The Union contends that subsequent Supreme Court cases undermine the rationale of General Electric, so that whenever an employer discriminates against any employee rights, he must establish that his motive was not anti-union. See NLRB v. Great Dane Trailers, Inc., 388 U.S. 26, 87 S.Ct. 1792, 18 L.Ed.2d 1027 (1967); NLRB v. Fleetwood Trailer Co., Inc., 389 U.S. 375, 88 S.Ct. 543, 19 L.Ed.2d 614 (1967).
A review of "fringe benefits" cases since General Electric shows that there are two major categories of benefits an employer may not withhold from striking employees under Section 8(a) (3). The first category includes any benefit which will give a nonstriking employee a preferred position over a striker on a long-term basis. These benefits are not in the nature of compensation for work performed; they are systems which give one employee priority over another in choosing hours or vacation times, or in setting an order for layoffs or promotions. Examples of these cases are NLRB v. Erie Resistor Corp., 373 U.S. 221, 83 S.Ct. 1139, 10 L. Ed.2d 308 (1963) (giving "super-seniority" to replacements and returning strikers as insurance against future layoffs); NLRB v. Fleetwood Trailer Co., Inc., 389 U.S. 375, 88 S.Ct. 543, 19 L. Ed.2d 614 (1967) (hiring new employees when strikers were available for reinstatement); NLRB v. Duncan Foundry and Machine Works, Inc., 435 F.2d 612 (7th Cir. 1970) (rehiring strikers as "temporary" employees).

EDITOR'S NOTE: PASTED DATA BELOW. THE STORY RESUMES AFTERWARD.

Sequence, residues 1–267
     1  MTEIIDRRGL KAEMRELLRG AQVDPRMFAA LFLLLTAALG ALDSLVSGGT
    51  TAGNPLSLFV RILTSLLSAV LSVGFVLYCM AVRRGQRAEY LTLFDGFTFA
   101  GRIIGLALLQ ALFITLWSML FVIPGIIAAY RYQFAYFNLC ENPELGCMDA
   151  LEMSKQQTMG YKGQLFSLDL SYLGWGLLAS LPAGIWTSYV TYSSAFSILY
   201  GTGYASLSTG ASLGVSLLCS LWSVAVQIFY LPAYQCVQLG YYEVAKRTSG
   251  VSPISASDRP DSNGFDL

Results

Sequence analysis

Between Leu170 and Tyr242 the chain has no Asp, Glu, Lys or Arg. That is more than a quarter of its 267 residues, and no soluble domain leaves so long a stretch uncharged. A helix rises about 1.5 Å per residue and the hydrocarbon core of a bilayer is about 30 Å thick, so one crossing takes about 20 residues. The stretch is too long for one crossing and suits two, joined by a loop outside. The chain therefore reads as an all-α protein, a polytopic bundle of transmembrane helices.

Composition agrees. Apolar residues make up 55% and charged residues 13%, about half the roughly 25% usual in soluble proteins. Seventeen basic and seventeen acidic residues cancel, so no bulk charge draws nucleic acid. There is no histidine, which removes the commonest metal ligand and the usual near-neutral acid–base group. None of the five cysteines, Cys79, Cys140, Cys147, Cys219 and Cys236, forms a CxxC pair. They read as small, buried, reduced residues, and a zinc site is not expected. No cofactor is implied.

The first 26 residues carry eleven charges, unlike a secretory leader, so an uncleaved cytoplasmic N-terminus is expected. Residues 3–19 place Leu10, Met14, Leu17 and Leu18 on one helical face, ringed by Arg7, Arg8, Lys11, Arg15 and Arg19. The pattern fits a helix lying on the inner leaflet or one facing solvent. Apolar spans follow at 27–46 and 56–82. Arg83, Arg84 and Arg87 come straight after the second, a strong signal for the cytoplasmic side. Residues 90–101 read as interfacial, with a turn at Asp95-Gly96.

The other category of benefits an employer may not deny consists of any rights earned by the employee before the strike began. Withholding accrued benefits from strikers is conduct "inherently destructive" of employee rights and is an unfair labor practice unless the employer can prove a legitimate business purpose. NLRB v. Great Dane Trailer, Inc., 388 U.S. 26, 87 S.Ct. 1792, 18 L.Ed.2d 1027 (1967); NLRB v. Duncan Foundry and Machine Works, Inc., 435 F.2d 612 (7th Cir. 1970) (denying accrued vacation payments in both cases); Tex-Tan Welhausen Co. v. NLRB, 419 F.2d 1265 (5th Cir. 1969), vacated on other grounds, 397 U.S. 819, 90 S.Ct. 1516, 25 L.Ed.2d 805 (1970) (denying all vacation benefits because employees were not at work on December 31 or were absent more than 280 hours, where plan called for percentage payment according to annual salary).6
Conduct outside these two categories has never been held to amount to the sort of discrimination condemned in Section 8(a) (3). In Tex-Tan Welhausen Co. v. NLRB, supra, the company was allowed to compute vacation pay as a percentage of annual salary, thus reducing the benefit in proportion to the amount of strike time. The Board in Mooney Aircraft, Inc., 148 NLRB 1057 (1964), enforced 366 F.2d 809 (5th Cir. 1966), found no discrimination where the company, which required one year of work for vacation eligibility, refused to pay vacation benefits to strikers who had not worked a full year when the strike began. Health insurance premiums were called deferred benefits in Ace Tank and Heater Co., 167 NLRB 663 (1967). The employer was not required to make premium payments during the strike, but was forced to pay medical expenses incurred after the uninsured striker returned to work.